Another professor made important contributions to his field because he was able to look at things from a different perspective. He taught me to be skeptical of "prevailing dogma." Fifteen years later he committed suicide by jumping off the roof of his lab.
Time and Careercast.com have compiled a list of the ten least stressful jobs in America [The 10 Least Stressful Jobs in America]. The subtitle says, "If your job requires frequent travel and strict deadlines it won't make the cut."
Job site CareerCast published a list of the least stressful jobs yesterday based on measurements of 11 specific factors across 200 occupations. The factors it considered are whether the job requires travel (the more travel, the higher the stress), growth potential (dead-end jobs tend to create more stress), strict deadlines, working in the public eye, competitiveness within the organization, physical demands, environmental conditions, putting your life at risk, hazards encountered, meeting the public, and having someone else’s life in your hands.University Professor is #4 on the list.
Most of my colleagues are working 60 hours a week and most of them are preparing grants for the next "strict deadline." Their careers could be over if they can't get funding for their lab. If you don't think they are stressed, then I invite you to visit your local university and see for yourself. It's too bad that the people at Careercast.com didn't bother to do the research. It doesn't inspire confidence in their business.
Professors have become adept at finding the cheapest flights to conferences and meetings. Many of them have to balance their time away from home with their responsibilities as parents. But travel is an essential part of a Professor's job.
Some of my colleagues are skipping dinner with their families in order to finish reading the thesis for this week's Ph.D. oral. That's a deadline that can't be avoided and they have a responsibility to the student. We are very used to having the future lives and careers of students depend on us. We're used to it but that doesn't make it any less stressful.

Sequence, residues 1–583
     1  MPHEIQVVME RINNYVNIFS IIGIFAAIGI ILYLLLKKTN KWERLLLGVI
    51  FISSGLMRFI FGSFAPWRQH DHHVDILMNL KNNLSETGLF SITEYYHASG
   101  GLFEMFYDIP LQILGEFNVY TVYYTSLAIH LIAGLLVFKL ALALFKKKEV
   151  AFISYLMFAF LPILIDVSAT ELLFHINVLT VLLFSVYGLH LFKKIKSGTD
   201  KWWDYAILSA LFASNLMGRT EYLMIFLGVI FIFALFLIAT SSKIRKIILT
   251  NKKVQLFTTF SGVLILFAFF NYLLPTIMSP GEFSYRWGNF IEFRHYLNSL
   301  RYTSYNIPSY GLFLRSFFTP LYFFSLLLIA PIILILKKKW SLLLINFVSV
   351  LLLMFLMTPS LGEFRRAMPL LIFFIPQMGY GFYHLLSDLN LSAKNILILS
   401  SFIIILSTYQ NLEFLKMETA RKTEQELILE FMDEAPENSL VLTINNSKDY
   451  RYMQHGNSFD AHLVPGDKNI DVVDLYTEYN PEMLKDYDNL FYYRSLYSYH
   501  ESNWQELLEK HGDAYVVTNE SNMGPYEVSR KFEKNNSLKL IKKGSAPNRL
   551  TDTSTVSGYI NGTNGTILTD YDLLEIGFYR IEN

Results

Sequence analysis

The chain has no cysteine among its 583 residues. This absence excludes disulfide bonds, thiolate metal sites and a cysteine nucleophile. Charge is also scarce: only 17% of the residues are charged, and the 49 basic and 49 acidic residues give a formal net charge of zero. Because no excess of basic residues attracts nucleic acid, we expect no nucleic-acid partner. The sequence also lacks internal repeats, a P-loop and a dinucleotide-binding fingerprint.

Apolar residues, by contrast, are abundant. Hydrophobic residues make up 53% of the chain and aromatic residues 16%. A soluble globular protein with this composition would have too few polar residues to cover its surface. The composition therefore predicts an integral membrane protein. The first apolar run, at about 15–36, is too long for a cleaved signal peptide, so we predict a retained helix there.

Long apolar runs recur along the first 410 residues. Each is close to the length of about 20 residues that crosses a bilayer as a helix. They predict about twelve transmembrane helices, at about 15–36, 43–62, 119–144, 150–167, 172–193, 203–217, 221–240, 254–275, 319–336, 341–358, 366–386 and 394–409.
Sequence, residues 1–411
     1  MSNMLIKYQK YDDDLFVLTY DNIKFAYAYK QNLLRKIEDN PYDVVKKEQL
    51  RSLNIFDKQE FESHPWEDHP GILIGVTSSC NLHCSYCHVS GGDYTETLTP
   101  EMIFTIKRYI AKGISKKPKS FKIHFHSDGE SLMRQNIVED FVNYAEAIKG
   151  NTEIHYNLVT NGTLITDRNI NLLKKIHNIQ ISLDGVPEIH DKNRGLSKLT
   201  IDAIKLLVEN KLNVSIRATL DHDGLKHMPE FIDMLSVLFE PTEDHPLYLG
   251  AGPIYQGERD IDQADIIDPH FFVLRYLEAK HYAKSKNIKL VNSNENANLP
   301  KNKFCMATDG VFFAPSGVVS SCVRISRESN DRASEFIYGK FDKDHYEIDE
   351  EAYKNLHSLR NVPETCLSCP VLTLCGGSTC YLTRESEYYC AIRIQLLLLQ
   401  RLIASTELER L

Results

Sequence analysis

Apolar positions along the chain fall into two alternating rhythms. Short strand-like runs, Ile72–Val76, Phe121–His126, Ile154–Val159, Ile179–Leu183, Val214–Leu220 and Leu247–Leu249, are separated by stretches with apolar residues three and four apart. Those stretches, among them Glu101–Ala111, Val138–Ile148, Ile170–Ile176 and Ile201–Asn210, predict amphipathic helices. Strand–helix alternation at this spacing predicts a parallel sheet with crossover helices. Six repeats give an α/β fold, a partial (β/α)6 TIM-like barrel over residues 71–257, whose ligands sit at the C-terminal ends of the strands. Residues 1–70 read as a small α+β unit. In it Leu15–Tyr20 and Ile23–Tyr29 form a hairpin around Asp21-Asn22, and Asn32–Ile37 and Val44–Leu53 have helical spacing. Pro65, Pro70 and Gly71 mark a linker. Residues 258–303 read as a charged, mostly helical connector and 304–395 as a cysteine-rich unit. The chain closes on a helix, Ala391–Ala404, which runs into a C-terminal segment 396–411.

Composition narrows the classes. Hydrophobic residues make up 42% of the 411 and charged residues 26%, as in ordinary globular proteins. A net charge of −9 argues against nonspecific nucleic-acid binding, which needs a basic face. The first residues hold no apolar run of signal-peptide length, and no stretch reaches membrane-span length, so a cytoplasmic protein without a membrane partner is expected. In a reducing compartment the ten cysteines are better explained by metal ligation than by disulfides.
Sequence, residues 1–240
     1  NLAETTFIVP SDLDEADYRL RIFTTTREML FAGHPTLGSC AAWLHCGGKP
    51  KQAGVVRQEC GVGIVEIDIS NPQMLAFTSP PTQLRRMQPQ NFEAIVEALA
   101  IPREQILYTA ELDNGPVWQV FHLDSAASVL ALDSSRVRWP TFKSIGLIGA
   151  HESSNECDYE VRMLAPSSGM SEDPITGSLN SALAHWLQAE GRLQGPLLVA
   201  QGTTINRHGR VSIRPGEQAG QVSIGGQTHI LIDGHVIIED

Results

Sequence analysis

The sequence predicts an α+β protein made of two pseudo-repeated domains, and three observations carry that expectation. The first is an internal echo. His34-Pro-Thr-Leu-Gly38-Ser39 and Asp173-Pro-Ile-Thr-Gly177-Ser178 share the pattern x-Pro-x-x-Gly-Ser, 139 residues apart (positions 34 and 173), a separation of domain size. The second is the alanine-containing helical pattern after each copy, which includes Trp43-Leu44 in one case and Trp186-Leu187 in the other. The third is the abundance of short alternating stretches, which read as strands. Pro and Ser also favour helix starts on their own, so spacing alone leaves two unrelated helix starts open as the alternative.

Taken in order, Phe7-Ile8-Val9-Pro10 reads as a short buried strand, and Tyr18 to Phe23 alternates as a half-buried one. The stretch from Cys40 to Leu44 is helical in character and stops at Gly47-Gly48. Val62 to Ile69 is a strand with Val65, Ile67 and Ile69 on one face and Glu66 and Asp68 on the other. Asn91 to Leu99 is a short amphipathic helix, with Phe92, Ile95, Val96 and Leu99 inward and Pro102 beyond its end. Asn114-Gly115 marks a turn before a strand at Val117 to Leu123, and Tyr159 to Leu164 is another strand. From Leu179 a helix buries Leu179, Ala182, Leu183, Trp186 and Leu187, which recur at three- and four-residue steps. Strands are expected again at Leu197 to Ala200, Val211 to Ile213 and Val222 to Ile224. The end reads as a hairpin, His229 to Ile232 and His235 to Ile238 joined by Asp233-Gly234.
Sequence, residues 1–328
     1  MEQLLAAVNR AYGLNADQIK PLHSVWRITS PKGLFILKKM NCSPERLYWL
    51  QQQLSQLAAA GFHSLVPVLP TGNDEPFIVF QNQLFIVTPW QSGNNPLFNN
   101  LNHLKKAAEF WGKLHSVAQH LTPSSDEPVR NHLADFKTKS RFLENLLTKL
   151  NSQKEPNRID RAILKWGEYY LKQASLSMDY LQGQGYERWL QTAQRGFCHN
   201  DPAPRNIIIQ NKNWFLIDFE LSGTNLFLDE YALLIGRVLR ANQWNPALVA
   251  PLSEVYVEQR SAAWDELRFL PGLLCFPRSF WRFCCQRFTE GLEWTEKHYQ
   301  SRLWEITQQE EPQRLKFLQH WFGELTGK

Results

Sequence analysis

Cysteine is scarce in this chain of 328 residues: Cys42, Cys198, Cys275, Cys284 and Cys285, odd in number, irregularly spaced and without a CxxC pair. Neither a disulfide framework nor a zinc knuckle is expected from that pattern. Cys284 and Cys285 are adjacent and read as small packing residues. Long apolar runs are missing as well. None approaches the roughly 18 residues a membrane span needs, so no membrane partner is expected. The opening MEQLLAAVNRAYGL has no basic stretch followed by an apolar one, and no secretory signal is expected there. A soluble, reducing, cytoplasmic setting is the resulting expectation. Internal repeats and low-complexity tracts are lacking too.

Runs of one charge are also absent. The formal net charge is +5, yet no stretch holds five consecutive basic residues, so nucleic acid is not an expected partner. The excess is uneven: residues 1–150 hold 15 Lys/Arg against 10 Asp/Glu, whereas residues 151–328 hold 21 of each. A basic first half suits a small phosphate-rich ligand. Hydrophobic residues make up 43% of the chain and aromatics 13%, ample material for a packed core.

Speaking of stress, I wonder how many people at Time magazine have ever taught a large class of undergraduates? "Working in the public eye" seems to be part of a Professor's job and I can guarantee you that it's stressful—especially after the mid-term grades have been posted. (There are times when it seems like you are "putting your life at risk" but I don't want to compare this with firefighters and police officers who are really putting their lives at risk.) Speaking of strict deadlines ... I have a lecture tomorrow so I shouldn't be wasting time on this blog. It's going to get a lot worse next month when I have a pile of essays to grade and get back to the students in a timely manner.
Oh, I almost forgot. Two of my colleagues are up for tenure this semester. If you don't get tenure, you will be fired and the prospects of getting another job are slim. No stress there, right?
In fairness, Careercast.com specified "University Professor (tenured)" as the job that made the list. Here's what they say ...
The long road to becoming a tenured university professor is certainly challenging, too. For those who achieve tenured status, however, the rewards include job stability—a huge plus in a turbulent economy—and lucrative prospects. The College and University Professional Association for Human Resources reports that in the 2012-13 school year, tenured professors earned on average from $82,363 for Baccalaureate programs to $115,579 annually at research institutions and many professors receive top benefits such as tuition reimbursement for family members.It's true that tenured University Professors have a great deal of job security as long as they continue to perform adequately. It's also true that professors earn higher than average salaries. It goes without saying that for most good paying jobs there are costs and benefits and the benefits must outweigh the costs or else nobody would do the job. (Duh!)
But the greater reward is sharing knowledge with their students.
Ultimately, a job’s reward trumps all other factors, including stress.
I love my job. So do most tenured professors. That does not mean that the job is one of the least stressful jobs in America. It means that the "job's reward trumps all other factors, including stress." I dare say that most people would not be able to handle the stress experienced by my younger, tenured, colleagues. You don't get to be a professor if you can't handle stress.
I don't want to exaggerate the stress and difficulty of being a University Professor but I do want to attack the common idea that it's a cushy high-paying job that almost anyone could handle if they were lucky enough to get hired.